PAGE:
In a word, don’t. Or if you do, configure your DHCP server to always lease the same address to your NexentaStor appliance.
A week ago I installed NexentaStor CE 3.1 on a new NAS server I have thrown together. Following the install last week, everything in the web-based GUI seemed to be working fine. Following the install and a few basic tests I shut down the server, knowing that I wouldn’t have time to get back to working with it for a while.
Fast forward one week to the next opportunity I get to configure my new server. Attempts to connect to the server over HTTP on port 2000 are met with a very long wait by the browser – several minutes are needed to display the main page, which is
http://nas:2000/status/general/ and once I’m in there, some pages are dog slow whereas others are quite sprightly.
After much wailing and gnashing of teeth on my part I discovered that the time since I last used the server was long enough for the DHCP lease to expire. My router duly handed out a new lease, albeit with a different address. Unfortunately, Nexenta had inserted it’s own hostname and the original IP address into its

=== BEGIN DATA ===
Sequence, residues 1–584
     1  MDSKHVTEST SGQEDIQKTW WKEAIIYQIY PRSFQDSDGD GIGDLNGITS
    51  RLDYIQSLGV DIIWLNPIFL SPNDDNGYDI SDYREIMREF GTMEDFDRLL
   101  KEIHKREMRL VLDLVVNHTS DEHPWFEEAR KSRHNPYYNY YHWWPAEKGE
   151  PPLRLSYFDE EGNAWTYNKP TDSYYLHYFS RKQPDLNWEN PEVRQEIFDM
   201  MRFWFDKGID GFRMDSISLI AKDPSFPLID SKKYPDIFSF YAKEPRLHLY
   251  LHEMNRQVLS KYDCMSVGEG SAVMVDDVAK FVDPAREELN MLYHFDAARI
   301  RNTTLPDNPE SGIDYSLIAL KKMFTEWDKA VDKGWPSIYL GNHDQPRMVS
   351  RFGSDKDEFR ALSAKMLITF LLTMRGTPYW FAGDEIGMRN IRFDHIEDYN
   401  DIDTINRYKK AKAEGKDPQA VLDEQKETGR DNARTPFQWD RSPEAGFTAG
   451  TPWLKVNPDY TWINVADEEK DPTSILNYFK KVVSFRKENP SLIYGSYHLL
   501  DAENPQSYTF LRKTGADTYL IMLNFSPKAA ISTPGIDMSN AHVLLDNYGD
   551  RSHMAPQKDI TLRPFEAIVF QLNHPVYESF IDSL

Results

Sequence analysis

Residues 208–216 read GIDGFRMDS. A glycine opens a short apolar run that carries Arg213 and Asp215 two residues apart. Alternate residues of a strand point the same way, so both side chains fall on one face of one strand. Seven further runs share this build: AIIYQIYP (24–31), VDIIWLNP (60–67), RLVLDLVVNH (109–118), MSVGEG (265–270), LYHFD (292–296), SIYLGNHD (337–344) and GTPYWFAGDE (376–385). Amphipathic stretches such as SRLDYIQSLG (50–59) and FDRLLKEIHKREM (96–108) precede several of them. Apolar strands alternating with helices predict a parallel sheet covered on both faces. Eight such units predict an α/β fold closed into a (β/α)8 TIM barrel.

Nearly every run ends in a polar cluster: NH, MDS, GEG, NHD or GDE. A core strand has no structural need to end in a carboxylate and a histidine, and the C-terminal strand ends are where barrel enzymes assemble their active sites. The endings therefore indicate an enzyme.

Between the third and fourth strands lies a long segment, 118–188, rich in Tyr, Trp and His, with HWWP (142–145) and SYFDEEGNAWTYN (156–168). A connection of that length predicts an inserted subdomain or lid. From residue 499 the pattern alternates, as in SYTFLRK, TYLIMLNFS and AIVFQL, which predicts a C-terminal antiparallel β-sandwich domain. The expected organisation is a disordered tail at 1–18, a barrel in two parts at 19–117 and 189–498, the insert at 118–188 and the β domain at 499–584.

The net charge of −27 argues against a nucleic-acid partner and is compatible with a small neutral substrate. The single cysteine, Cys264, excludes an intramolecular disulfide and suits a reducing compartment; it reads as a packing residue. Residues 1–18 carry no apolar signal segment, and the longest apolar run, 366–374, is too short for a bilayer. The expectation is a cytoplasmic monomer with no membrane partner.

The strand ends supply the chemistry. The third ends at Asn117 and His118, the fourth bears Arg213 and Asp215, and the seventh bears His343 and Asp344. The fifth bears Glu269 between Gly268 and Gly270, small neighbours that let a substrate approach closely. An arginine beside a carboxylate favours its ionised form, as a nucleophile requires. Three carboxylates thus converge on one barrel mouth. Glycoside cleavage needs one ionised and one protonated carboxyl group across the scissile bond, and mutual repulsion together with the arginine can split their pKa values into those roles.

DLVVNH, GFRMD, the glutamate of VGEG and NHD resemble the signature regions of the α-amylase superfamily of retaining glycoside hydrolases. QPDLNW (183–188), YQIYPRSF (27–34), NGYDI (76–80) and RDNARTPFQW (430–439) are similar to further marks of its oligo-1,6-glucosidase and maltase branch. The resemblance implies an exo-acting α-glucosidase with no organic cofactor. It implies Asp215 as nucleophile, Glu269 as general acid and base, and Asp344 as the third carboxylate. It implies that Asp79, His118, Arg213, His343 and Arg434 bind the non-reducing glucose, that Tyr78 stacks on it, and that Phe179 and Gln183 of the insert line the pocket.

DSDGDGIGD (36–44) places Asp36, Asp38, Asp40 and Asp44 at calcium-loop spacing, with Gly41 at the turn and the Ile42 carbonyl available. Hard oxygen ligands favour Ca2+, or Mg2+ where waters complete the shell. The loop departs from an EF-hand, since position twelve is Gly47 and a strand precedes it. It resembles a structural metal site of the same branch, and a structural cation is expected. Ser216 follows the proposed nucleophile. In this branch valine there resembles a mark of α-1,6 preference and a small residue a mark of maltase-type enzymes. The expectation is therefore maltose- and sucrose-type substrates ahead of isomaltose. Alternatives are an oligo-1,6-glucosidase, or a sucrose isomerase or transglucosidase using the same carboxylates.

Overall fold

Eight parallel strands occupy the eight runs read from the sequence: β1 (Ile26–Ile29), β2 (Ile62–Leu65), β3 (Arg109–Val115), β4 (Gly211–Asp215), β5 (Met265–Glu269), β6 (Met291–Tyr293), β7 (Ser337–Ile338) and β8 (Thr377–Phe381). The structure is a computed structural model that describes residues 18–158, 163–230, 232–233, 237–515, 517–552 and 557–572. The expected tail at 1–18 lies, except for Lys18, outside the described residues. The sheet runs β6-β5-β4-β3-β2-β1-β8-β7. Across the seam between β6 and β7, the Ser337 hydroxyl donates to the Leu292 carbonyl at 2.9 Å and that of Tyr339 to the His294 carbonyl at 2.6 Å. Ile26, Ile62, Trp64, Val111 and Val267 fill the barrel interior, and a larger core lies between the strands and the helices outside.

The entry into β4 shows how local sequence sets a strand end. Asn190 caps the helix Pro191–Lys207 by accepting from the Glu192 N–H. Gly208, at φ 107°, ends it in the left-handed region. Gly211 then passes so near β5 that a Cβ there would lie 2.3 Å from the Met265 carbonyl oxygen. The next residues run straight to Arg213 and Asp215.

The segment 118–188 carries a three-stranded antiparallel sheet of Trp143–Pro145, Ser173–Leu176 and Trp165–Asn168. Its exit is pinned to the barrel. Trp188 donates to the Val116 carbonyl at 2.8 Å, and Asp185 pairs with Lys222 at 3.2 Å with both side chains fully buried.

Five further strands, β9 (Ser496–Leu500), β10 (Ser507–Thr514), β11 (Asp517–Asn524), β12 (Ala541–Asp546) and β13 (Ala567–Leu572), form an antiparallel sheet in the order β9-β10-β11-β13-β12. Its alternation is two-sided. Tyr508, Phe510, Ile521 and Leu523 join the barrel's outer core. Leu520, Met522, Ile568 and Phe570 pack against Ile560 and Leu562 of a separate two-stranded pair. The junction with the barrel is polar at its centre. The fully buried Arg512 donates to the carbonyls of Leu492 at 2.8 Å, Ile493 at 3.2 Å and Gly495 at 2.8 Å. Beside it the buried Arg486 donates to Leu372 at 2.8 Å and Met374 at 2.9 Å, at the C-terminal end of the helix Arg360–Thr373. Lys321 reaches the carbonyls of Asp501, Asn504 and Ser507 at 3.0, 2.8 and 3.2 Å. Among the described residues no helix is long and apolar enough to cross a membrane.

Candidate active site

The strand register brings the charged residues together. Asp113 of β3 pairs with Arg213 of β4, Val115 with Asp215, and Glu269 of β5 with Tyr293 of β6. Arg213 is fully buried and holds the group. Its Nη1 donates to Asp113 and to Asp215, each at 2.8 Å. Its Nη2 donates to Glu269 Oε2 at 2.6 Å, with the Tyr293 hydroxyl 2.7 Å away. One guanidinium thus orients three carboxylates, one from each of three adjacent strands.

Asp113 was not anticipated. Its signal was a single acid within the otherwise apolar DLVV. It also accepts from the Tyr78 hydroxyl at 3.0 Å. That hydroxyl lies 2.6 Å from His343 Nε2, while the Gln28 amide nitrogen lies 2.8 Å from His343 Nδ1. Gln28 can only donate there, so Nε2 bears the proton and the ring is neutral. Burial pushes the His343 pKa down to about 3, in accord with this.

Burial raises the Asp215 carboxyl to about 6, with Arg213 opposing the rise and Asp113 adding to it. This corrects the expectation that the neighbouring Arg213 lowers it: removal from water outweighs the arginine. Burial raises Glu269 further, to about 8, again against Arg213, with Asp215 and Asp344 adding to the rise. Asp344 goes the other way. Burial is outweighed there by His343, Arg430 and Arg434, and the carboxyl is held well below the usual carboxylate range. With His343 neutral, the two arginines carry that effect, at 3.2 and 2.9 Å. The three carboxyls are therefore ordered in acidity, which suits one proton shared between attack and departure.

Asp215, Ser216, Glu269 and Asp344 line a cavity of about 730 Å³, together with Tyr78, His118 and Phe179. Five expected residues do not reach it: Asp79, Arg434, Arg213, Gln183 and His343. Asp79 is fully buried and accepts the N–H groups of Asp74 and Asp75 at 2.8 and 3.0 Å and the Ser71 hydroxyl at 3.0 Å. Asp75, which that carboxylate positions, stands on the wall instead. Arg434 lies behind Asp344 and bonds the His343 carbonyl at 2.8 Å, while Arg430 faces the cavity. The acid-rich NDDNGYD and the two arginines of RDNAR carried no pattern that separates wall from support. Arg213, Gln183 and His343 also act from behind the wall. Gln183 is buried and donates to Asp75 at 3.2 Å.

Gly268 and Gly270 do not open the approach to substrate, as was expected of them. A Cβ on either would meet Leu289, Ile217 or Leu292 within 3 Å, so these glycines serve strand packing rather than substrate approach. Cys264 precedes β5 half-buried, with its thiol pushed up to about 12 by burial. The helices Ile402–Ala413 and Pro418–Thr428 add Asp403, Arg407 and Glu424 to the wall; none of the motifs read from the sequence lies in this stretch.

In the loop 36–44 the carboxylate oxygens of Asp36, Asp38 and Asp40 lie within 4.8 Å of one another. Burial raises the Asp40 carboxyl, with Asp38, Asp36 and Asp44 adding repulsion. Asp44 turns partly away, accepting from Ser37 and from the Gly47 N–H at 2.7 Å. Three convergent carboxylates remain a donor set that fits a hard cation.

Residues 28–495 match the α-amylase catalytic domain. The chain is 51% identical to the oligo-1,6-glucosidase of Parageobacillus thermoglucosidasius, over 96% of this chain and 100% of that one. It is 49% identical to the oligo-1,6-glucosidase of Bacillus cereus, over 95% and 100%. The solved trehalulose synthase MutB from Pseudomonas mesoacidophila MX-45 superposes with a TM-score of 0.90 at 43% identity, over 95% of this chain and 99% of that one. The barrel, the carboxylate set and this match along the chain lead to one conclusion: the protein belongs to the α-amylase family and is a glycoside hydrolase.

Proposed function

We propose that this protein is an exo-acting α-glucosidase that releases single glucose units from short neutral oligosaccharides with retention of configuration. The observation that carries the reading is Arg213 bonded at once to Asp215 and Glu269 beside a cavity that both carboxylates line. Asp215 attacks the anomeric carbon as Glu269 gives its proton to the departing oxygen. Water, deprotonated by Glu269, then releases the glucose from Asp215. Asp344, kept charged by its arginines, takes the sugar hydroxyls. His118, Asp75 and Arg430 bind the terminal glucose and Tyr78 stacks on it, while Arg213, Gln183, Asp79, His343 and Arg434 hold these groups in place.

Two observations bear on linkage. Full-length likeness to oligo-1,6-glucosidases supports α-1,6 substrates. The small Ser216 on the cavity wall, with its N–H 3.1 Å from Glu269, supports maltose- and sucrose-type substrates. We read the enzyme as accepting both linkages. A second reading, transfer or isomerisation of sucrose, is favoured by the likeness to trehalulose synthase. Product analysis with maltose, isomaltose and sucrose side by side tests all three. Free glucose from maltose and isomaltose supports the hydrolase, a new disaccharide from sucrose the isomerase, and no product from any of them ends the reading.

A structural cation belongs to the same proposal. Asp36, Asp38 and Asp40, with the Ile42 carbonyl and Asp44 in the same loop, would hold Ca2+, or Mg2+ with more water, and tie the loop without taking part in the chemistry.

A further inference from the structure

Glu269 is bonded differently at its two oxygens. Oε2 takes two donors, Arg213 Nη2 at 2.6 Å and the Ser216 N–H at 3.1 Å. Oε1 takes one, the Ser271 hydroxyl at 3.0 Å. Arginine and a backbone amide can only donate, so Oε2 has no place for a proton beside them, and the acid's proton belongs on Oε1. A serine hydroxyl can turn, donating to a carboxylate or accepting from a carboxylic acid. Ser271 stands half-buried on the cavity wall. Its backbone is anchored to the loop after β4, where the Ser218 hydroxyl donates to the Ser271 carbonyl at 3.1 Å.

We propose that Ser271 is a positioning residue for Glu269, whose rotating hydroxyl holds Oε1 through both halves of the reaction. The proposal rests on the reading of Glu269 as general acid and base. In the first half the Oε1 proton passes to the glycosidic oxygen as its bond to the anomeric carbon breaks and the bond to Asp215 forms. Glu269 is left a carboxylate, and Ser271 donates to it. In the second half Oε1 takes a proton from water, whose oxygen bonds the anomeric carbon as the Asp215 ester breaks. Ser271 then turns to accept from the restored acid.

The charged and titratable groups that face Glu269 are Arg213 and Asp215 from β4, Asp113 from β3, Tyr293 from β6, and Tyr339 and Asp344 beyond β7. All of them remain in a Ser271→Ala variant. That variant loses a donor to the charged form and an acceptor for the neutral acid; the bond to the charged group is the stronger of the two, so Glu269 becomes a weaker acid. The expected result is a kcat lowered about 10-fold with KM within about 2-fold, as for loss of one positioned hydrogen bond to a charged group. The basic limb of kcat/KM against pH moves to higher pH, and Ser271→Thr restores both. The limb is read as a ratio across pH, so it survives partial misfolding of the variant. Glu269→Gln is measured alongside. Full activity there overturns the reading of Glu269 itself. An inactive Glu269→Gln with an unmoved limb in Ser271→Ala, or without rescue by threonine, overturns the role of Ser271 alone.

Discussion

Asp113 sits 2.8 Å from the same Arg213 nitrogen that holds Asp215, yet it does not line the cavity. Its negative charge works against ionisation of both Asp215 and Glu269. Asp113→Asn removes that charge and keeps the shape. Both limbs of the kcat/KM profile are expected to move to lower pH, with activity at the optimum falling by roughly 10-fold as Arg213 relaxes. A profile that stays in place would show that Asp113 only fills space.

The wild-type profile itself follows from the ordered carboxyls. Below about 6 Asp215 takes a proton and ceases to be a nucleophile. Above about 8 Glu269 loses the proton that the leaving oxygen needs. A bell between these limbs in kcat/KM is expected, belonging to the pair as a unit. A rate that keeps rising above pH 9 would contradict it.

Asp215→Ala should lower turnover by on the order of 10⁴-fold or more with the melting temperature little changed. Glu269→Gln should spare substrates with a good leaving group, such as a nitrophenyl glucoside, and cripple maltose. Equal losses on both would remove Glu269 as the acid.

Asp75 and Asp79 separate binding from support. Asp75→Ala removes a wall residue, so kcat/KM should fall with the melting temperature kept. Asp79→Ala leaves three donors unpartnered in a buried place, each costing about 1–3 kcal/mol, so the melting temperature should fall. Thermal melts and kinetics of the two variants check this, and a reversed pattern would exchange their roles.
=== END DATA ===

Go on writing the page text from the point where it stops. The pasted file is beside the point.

/etc/hosts file. Something in the NMV web GUI was causing a look-up here, and of course by this time my router had re-allocated the original Nexenta IP address to my wife’s iPhone.
The solution was two-fold. First of all edit
/etc/hosts to contain the current IP address of the server, and secondly configure my router’s DHCP server to always dish out the same IP address to the NAS server. After a re-start everything is now working fine and it seems now seems possible that I’ll be able to use NexentaStor.
My faith isn’t quite restored though – NexentaStor 3.1 is a brand new release – and judging from the forums quite a few people have experienced problems with very long browser delays waiting for the NMV to respond. NexentaStor should work with DHCP out-of-the-box and DHCP lease expiry should be tested if Nexenta are claiming that this is an enterprise grade solution.